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Consenting to Adoption: Know Your Rights

Posted on in Adoption

DuPage County adoption attorneys, consenting to adoptionEvery parent has the right to decide how their children are raised. Parental rights are fiercely protected by the law. Parental rights also come with parental responsibilities. If a birth parent has decided to place a child up for adoption, then both parents must give up these rights. Giving up parental rights, or consenting to an adoption, is an important and critical legal step for biological parents. If you are making the difficult decision to place your child up for adoption, you will need to understand the full impact of consenting to your child’s adoption.

Requirement for Consenting to Adoption

When parents consent to an adoption, the parents give up both their rights and responsibilities. Illinois provides two different ways for parents to consent to an adoption:

  • Specific Consent to Adoption: A parent may specifically provide consent for the person taking care of his or her child to adopt the child. This type of consent requires DCFS to approve the designated parent. A specific consent, or direct consent, is only valid for the selected adoptive parents.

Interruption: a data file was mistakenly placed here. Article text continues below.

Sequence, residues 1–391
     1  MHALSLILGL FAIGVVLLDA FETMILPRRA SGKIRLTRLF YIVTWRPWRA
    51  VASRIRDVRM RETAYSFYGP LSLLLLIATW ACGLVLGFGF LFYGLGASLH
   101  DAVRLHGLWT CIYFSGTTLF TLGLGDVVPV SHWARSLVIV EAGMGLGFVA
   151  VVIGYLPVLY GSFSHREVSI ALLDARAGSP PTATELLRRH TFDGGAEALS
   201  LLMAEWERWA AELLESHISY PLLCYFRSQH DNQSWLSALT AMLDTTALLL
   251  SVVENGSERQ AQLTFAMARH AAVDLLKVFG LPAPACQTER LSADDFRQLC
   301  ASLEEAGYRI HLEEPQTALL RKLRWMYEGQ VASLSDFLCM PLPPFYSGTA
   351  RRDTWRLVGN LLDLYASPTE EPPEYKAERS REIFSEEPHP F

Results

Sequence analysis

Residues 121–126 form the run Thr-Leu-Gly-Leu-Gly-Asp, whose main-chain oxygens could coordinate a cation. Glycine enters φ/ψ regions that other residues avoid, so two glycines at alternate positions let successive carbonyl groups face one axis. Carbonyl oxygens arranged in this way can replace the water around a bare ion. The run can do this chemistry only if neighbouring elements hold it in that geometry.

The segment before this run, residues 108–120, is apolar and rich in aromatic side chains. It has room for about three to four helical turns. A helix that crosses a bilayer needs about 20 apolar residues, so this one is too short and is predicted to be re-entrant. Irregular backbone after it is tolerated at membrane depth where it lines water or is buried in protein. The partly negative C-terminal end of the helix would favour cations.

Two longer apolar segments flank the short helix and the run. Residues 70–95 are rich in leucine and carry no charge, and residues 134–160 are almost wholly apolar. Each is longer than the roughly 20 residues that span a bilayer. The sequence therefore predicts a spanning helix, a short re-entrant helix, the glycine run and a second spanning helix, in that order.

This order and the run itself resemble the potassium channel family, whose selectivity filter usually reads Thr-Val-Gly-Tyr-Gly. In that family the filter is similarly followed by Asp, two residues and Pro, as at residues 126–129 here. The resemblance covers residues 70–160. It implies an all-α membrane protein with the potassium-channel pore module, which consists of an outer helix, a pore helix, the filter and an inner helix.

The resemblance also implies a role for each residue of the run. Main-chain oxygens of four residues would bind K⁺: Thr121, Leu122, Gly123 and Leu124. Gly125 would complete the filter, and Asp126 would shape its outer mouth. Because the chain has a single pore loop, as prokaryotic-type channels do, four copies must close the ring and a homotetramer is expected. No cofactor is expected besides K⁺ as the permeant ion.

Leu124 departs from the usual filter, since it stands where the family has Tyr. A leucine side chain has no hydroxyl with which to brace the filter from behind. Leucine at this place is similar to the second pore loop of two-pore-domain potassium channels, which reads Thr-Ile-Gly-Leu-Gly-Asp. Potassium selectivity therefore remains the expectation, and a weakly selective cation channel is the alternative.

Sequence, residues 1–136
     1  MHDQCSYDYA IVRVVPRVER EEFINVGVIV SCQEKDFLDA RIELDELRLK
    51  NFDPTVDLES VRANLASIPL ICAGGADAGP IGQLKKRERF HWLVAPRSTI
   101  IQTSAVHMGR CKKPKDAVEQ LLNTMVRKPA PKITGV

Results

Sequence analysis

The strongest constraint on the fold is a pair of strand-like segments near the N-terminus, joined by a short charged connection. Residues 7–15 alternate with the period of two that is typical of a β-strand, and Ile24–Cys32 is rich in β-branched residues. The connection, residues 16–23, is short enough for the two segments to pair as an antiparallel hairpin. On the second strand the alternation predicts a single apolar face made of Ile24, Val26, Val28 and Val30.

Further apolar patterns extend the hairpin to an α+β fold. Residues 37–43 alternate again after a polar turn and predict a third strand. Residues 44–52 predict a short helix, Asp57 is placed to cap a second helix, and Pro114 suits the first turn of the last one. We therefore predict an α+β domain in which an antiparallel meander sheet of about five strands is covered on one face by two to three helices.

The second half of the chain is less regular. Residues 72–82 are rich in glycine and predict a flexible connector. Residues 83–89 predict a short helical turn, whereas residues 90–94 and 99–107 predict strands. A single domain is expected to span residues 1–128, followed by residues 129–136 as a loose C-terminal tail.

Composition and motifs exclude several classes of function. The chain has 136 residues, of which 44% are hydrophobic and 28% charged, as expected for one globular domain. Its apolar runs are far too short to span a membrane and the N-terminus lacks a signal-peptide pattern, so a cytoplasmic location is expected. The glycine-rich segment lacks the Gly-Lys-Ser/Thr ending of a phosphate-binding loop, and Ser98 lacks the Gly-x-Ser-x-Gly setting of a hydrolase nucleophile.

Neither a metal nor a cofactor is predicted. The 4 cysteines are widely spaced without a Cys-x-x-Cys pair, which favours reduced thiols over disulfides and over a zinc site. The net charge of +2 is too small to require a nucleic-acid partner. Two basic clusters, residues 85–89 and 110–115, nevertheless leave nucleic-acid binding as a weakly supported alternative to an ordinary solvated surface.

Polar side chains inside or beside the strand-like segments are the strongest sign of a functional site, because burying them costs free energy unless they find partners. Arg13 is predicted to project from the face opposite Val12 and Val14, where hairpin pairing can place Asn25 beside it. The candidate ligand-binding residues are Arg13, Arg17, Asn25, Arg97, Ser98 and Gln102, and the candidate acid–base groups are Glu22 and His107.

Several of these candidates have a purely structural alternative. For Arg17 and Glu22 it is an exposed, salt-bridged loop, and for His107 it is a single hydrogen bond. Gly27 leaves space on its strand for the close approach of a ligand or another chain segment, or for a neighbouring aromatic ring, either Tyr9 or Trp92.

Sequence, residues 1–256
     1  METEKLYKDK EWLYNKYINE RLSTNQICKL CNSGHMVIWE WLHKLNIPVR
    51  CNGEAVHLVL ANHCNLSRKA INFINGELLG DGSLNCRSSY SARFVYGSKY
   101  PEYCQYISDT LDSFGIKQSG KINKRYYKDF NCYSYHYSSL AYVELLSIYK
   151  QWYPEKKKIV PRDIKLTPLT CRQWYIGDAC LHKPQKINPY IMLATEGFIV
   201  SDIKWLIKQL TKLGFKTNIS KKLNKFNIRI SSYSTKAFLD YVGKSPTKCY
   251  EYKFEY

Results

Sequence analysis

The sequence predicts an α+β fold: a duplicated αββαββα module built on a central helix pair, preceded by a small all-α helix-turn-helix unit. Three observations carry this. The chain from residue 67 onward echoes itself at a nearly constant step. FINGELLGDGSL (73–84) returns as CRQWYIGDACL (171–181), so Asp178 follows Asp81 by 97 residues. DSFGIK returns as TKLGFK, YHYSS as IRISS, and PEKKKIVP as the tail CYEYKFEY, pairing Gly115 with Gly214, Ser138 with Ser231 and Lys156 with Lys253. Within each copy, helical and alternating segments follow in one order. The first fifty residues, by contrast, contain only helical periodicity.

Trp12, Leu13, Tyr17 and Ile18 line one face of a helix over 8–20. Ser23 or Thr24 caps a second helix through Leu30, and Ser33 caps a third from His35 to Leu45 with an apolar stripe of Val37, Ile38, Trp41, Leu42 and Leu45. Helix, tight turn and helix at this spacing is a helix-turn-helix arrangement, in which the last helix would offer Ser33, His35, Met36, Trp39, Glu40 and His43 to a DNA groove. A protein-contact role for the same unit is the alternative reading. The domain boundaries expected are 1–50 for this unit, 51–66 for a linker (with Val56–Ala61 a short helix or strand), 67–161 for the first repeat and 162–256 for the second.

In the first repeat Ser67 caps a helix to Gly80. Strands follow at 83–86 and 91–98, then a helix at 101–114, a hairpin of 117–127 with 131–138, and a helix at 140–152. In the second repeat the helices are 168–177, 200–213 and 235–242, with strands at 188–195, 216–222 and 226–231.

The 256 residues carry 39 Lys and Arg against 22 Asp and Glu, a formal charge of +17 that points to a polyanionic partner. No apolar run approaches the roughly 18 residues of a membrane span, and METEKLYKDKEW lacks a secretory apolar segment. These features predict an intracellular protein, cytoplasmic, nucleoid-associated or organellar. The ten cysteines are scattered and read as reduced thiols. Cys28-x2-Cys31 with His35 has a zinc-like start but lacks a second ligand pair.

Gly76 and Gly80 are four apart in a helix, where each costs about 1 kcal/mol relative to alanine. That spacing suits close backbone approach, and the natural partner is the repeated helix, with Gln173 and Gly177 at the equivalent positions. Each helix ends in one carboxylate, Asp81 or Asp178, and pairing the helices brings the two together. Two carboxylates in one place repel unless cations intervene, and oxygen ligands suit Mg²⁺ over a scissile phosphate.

• Adoption Surrender: Signing an adoption surrender will terminate your parental rights. Once you sign an adoption surrender, you complete the surrender and the state will decide who adopts your child.

Fathers Can Protect Their Rights to Consent

It is important to note that fathers who have not established paternity may lose their rights too. Parents may not be able to agree about the adoption. However, this does not mean that an unwed father gives up his rights to exercise his parental rights. Even if the parents disagree, the father may register with the state as the child’s father to ensure he is notified if the child is placed up for adoption.

Timing and Revoking Consent

Illinois requires that a mother wait three days before consenting to an adoption. Once you give consent to an adoption, it is almost impossible to change the consent. A birth parent may only revoke consent if it was obtained through fraud or coercion. A court may also revoke consent if it is in the child’s best interest.

Let an Attorney Help

Adoption and birth parent consent is complicated. Birth parents may not agree about the adoption. Or, the parents may protest adoption and want to revoke consent. These are important issues that a birth parent should consider before consenting to an adoption. If you are considering adoption and have additional questions about consent, consider speaking with the DuPage County adoption attorneys at Davi Law Group, LLC. We understand the subtleties of adoption law. Let us help you make the best decisions for your family by calling us today to schedule an appointment. Reach out to our office today for a consultation on your case.



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